The syslog-ng disk buffer is one of the most often used syslog-ng options to ensure message delivery. However, it is not always necessary and using the safest variant has serious performance impacts. If you utilize disk-buffer in your syslog-ng configuration, it is worth to make sure that you use a recent syslog-ng version.
From this blog, you can learn when to use the disk-buffer option, the main differences between reliable and non-reliable disk-buffer, and why is it worth to use the latest syslog-ng version.
Before you begin
The disk-buffer option was introduced many years ago, in syslog-ng version 3.8.1. If you have an older syslog-ng version, you should upgrade to this (or rather to a more recent) version. Pointers to third party repositories containing up-to-date syslog-ng packages can be found at https://www.syslog-ng.com/products/open-source-log-management/3rd-party-binaries.aspx
When (not) to use a disk-buffer
You should NOT use disk-buffer when you have a slow but otherwise reliable destination. In such cases, using any disk-buffer option will just slow the whole pipeline even more. Instead, you should rather use a larger memory-buffer, as it is much faster than a disk-buffer. You can also throttle the destination to make sure that the destination is not overloaded, and use flow-control to make sure that syslog-ng does not receive more log messages than it can forward to the slow destination. A typical example could be an Elasticsearch cluster or a database server on the localhost. Another option is to use filters to distribute logs among multiple destinations, or use load-balancing in case of Elasticsearch or Splunk.
So, when should you use disk-buffer?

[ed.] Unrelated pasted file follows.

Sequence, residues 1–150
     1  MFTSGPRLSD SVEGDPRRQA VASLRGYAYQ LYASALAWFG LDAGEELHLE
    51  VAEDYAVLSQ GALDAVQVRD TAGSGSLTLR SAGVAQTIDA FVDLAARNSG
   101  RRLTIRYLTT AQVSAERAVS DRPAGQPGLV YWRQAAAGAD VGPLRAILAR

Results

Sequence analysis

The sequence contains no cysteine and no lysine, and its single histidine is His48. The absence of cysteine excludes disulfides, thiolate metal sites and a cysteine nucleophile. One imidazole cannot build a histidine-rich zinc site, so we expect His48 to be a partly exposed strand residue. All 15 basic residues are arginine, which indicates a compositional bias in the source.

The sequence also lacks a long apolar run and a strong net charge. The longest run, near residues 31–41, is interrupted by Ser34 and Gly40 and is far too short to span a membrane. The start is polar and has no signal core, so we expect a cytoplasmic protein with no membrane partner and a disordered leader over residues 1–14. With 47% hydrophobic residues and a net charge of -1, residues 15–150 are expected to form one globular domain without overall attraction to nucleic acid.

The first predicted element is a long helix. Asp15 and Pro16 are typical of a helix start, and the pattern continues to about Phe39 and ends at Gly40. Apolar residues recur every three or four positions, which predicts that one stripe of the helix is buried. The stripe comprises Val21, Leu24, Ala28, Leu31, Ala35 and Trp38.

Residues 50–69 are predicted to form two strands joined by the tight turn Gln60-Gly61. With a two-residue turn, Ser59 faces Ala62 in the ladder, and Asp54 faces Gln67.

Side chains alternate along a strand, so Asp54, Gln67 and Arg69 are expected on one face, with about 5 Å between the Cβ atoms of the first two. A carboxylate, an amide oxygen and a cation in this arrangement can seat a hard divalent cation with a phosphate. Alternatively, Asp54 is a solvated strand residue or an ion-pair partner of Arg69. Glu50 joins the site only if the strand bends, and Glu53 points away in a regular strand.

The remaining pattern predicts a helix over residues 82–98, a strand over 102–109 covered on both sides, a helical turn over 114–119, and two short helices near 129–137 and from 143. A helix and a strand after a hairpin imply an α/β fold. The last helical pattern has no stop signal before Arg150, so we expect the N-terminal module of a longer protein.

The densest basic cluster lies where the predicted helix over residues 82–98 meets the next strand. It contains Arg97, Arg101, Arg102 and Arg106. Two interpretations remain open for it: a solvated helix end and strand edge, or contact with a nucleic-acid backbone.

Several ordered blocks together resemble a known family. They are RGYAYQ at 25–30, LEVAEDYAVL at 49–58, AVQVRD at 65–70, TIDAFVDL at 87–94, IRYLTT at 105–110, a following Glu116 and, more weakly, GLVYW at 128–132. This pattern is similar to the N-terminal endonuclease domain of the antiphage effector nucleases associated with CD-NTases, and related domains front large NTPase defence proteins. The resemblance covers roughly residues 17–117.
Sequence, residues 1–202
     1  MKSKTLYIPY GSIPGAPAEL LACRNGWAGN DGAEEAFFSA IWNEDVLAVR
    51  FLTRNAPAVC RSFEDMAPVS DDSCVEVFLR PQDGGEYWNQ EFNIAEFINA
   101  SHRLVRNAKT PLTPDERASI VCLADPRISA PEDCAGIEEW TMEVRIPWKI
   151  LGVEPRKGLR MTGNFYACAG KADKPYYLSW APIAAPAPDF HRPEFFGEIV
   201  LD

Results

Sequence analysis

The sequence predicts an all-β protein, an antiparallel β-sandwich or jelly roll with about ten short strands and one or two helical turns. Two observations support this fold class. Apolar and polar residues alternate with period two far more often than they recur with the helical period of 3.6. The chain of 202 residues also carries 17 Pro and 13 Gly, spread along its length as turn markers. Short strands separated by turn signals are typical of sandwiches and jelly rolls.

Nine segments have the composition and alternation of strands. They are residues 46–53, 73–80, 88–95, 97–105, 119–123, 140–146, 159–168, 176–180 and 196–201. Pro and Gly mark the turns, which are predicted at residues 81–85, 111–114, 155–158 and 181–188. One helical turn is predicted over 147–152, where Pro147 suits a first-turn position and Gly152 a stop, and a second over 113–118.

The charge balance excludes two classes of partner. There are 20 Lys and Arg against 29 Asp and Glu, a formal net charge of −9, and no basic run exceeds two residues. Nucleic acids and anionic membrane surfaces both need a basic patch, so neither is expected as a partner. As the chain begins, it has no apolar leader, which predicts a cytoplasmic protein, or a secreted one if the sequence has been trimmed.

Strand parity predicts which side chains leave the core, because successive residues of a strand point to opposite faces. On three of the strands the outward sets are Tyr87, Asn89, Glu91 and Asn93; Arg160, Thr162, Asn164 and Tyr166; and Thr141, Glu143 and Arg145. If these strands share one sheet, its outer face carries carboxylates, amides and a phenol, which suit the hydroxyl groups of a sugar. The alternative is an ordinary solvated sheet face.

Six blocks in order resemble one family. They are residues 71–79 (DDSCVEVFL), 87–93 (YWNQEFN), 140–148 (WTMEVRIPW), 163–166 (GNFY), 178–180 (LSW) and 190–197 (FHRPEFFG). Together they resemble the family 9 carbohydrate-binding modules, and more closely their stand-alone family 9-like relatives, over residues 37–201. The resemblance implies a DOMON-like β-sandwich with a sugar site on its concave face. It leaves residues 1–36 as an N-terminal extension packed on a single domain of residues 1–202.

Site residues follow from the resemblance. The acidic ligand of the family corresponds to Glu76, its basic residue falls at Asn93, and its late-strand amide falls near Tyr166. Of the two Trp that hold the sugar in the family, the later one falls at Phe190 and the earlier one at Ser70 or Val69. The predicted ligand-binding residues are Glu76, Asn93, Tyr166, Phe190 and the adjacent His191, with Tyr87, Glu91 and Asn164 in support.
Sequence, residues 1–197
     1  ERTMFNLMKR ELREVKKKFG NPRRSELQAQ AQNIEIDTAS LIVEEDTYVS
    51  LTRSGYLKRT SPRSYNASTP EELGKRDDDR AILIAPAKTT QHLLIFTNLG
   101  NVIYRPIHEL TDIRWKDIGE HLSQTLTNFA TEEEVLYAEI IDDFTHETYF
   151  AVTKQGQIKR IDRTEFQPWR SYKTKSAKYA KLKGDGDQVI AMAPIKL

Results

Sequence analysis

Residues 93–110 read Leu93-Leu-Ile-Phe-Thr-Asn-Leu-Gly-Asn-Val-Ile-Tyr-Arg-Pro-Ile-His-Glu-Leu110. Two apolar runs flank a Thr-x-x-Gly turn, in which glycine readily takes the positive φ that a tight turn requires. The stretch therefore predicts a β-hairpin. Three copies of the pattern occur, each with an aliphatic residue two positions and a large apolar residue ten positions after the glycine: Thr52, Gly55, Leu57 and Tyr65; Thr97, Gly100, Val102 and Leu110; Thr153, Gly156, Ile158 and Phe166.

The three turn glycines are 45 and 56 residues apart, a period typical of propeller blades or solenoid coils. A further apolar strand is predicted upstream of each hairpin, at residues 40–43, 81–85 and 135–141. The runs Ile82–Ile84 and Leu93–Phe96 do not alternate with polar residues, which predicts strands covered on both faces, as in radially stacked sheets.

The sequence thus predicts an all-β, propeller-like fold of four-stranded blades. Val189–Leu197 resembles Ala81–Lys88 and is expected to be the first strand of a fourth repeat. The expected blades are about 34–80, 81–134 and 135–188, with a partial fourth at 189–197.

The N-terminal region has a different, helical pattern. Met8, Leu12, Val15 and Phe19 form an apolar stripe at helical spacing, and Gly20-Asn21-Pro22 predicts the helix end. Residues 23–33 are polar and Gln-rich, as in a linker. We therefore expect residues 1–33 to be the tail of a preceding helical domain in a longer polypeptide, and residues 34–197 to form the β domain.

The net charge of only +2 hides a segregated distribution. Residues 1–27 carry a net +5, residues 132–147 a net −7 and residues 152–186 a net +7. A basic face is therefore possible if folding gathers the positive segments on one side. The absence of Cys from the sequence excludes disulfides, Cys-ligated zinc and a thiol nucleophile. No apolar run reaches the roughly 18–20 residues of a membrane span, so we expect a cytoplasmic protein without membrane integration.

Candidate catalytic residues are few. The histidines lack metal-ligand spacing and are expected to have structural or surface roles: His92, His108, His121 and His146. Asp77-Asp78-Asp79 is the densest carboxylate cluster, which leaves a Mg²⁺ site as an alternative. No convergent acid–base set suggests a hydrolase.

When the destination is sometimes unavailable due to maintenance, network or other problems.
When there are some sudden large pikes on the source side that the destination cannot handle.
When using flow-control is not an option, for example when using a UDP source.
When you need guarantees that unsent messages are not lost.
As you can see, using disk-buffer is a lot slower than using memory-buffers. Using the disk-buffer option cannot solve performance problems. What it can do is providing guarantees against message loss when you have a sudden pike in incoming message rates and when you cannot use flow control.
Which disk-buffer to use?
There are two variants of the disk-buffer option: reliable and non-reliable. Which one to use really depends on your use-case. But no matter how scary it sounds, you will most likely need the non-reliable variant. And why?
Because non-reliable disk-buffer covers most use-cases and it is fast. The drawback is that it can lose some log messages when syslog-ng is abnormally terminated (because of a crash, power outage, sigkill, and so on). However, there is no message loss when syslog-ng is properly shut down.
Reliable disk-buffer, on the other hand, provides extra guarantees to make sure that no messages get lost even if syslog-ng is terminated abnormally. This is achieved by writing all messages to disk after processing but before sending it off to the destination. Of course, the extra guarantees come with a cost: reliable disk-buffer is slower. That said, you rarely need this level of protection – you most likely need to use reliable disk-buffer to meet some compliance requirements.
Why the latest?
The disk-buffer code in syslog-ng is constantly improving. There are regular smaller performance and reliability improvements. However, recently there was also a marked improvement in performance: about 50% for the non-reliable and about 80% for the reliable disk-buffer. Recovery from abnormal termination is also improved considerably. In short, if you utilize the disk-buffer option, you should update to one of the latest syslog-ng releases.
What is next?
In the next disk-buffer blogs, I will explain some of the disk-buffer parameters and why disk-buffer queue files can stay huge even when they are empty.
If you have questions or comments related to syslog-ng, do not hesitate to contact us. You can reach us by email or even chat with us. For a list of possibilities, check our GitHub page under the “Community” section at https://github.com/syslog-ng/syslog-ng. On Twitter, I am available as @PCzanik.